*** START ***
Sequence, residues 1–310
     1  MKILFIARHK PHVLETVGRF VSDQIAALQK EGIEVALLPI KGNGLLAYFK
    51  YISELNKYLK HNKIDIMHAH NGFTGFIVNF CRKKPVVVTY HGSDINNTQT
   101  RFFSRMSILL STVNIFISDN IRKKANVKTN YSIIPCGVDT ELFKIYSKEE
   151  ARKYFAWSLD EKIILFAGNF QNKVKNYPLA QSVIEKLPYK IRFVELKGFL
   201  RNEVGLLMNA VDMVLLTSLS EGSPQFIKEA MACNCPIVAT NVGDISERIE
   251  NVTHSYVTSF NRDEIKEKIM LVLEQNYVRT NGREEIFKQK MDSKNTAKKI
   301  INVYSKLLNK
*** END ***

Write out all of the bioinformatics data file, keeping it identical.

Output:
Sequence, residues 1–310
     1  MKILFIARHK PHVLETVGRF VSDQIAALQK EGIEVALLPI KGNGLLAYFK
    51  YISELNKYLK HNKIDIMHAH NGFTGFIVNF CRKKPVVVTY HGSDINNTQT
   101  RFFSRMSILL STVNIFISDN IRKKANVKTN YSIIPCGVDT ELFKIYSKEE
   151  ARKYFAWSLD EKIILFAGNF QNKVKNYPLA QSVIEKLPYK IRFVELKGFL
   201  RNEVGLLMNA VDMVLLTSLS EGSPQFIKEA MACNCPIVAT NVGDISERIE
   251  NVTHSYVTSF NRDEIKEKIM LVLEQNYVRT NGREEIFKQK MDSKNTAKKI
   301  INVYSKLLNK